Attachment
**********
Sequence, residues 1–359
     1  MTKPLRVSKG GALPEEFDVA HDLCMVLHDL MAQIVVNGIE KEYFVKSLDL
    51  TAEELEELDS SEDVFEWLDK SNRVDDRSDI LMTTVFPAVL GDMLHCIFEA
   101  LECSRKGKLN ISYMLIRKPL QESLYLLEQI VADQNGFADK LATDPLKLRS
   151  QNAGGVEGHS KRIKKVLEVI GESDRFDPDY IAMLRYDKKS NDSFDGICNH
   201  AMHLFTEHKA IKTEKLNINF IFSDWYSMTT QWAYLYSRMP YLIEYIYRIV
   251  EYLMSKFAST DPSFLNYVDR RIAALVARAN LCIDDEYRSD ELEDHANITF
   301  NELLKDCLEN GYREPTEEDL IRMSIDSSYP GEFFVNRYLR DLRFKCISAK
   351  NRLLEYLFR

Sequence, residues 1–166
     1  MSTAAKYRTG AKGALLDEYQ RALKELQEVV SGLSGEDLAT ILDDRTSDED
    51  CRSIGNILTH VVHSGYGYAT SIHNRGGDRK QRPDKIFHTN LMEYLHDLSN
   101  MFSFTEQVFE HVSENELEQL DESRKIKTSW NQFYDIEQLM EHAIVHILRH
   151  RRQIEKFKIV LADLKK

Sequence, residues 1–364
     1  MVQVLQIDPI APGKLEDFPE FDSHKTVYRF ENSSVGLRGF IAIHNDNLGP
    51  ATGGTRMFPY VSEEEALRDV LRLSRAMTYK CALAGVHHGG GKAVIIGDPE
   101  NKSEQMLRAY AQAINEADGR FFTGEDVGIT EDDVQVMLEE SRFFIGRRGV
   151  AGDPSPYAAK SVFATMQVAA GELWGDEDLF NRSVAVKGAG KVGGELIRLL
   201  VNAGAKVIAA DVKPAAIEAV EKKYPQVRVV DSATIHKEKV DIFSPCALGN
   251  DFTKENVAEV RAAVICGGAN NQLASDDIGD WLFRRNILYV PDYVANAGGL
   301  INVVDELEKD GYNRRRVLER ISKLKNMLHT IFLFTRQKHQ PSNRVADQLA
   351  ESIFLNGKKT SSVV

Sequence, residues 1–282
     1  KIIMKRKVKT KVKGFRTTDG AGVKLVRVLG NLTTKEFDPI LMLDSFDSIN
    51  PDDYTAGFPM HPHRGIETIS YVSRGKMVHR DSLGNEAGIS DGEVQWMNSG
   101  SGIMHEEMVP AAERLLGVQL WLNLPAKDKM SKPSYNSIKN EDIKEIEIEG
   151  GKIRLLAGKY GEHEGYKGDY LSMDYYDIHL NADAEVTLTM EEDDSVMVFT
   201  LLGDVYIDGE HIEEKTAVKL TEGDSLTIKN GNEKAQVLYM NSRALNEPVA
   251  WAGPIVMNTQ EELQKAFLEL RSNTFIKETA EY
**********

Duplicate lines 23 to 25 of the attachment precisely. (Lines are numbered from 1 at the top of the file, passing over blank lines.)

   351  ESIFLNGKKT SSVV

Sequence, residues 1–282
     1  KIIMKRKVKT KVKGFRTTDG AGVKLVRVLG NLTTKEFDPI LMLDSFDSIN